Book Review: “Rapt: Attention and the Focused Life” by Winifred Gallagher

This book reminds me a lot about Malcolm Gladwell’s books: Tipping Point and Blinks. It has a lot of anecdotes but I’m not sure exactly the essences of book. It seems common sense that we derives our experiences from what we pay attention to. But I didn’t get many suggestions on how to control what attention we pay to.

You can shape your life experience by directing what you pay attention to. For example, paying attention to birds in the park may enhance your favorable experience in the park. Bottom-up vs. Top-down directed attention: the evolution has allowed human to spend less time worrying about immediate threats in the Savannah (bottom-up), thus more time on thinking what we want to pay attention to (top-down).

We’re apt to focus on unpleasant experience and emotions. Need to concentrate more productive, life-enhancing sort – toward courage or forgiveness.

What you see is what you get: Need to treat your mind as you would a private garden and being as careful as possible about what you introduce and allow to grow there. The elders tend to maximize opportunities to attend to the meaningful and serene.

Nature & Nurture: We are born with certain innate ability to focus but it’s still trainable. For example, Asian culture encourages efforts that makes the children focus their attention on the jobs at hand than their natural ability. The attention’s ability to change your brain and transform your experience prevails throughout life.

On relationship: Simply paying paying attention to someone else – the essence of bonding – is highly beneficial for both parties. Unlike the western culture, most of the rest of the world pay attention to the relationship with others.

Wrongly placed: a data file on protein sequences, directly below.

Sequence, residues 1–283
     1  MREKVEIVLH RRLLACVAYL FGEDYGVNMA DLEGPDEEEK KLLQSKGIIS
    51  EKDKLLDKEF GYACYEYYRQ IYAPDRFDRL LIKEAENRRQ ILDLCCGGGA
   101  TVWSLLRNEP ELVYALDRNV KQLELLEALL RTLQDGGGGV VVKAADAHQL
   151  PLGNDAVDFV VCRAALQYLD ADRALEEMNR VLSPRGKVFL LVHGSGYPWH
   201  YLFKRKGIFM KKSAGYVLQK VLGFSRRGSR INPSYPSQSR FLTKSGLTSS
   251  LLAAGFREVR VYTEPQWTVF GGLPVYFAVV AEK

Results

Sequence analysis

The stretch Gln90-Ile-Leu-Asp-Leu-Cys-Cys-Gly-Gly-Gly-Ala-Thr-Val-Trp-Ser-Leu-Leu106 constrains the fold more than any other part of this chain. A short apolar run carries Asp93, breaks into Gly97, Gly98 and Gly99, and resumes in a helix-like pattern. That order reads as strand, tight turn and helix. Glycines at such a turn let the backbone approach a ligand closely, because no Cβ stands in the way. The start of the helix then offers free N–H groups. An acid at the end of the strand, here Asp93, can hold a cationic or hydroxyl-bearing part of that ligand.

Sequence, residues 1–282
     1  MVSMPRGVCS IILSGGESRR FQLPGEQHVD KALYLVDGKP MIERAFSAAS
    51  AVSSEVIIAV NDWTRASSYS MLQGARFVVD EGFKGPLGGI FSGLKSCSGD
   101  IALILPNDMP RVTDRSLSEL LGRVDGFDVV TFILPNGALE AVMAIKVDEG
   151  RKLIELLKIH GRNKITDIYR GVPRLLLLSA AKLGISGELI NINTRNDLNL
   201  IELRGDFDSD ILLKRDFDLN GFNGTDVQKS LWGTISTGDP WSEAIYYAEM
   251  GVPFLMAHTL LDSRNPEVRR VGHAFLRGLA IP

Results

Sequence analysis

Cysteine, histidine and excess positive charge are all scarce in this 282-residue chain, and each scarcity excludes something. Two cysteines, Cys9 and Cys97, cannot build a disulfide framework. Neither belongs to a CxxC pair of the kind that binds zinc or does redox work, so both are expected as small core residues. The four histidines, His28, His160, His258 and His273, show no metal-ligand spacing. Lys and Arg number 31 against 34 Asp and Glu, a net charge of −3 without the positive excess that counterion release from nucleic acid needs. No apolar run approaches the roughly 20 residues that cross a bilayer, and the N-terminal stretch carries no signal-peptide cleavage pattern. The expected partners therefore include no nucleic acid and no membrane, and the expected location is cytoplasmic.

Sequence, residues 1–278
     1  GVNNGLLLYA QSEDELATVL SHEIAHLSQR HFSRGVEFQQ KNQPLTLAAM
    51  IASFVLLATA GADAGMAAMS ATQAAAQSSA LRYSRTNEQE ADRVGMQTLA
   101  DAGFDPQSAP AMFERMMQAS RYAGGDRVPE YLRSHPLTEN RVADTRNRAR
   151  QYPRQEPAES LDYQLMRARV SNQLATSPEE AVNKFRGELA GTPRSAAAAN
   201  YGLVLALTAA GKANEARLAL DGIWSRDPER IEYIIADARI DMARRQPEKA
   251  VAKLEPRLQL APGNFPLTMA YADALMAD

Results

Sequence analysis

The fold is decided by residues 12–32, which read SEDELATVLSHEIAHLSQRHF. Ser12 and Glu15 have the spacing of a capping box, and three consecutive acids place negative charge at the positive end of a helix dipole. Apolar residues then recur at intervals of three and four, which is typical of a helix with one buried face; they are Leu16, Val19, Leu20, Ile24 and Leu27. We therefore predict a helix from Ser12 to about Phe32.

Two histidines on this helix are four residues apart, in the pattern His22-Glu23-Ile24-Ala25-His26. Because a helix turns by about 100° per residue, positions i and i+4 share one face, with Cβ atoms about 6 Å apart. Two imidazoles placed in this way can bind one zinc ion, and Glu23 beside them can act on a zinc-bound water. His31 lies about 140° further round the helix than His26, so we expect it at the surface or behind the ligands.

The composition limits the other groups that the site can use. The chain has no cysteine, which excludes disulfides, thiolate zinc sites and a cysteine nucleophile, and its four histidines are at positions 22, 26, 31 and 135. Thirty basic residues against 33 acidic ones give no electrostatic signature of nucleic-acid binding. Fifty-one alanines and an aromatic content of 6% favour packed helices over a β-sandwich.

On working: “If most of the time you’re not particularly concerned about whether what you’re doing is work or play, or even whether you’re happy or not, you know you’re living the focused life.”

On decision-making process: “Don’t worry if the choice you made wasn’t the absolute best, as long as it meets your needs… Good enough is almost always good enough.” Many poor decisions spring from focusing on the wrong things, like avoiding loss or exaggerate something’s importance.

On creativity (an eye for details): Vigorous, searching, questioning, elaborative style of focusing is the weapons against ideas and attitudes that stifle creativity. When you pay rapt attention, your spirits lift, expanding your cognitive range and creative potential, and perhaps even poising you for that personal renaissance.

On goals: focus forges the connection between your goals and personal resources. The old-fashioned quality of grit may be a better predictor of real-world performance. Attention’s mechanics ensure that when you lock on your objective, you enhance that aspiration and suppress things that compete with it, which helps you stay focused.

Attending to what matters the most: pay rapt attention to carefully chosen top-down targets. Spend 20~30 minutes focusing on something you enjoy or suspect you might but have never done. At the end of the day, you revisit and relish that pleasurable interlude and plan the next sojourn.

This book is easy to read without too much technical terms but it lacks focus, which is what it’s trying to preach. There are a few good points here and there, nevertheless.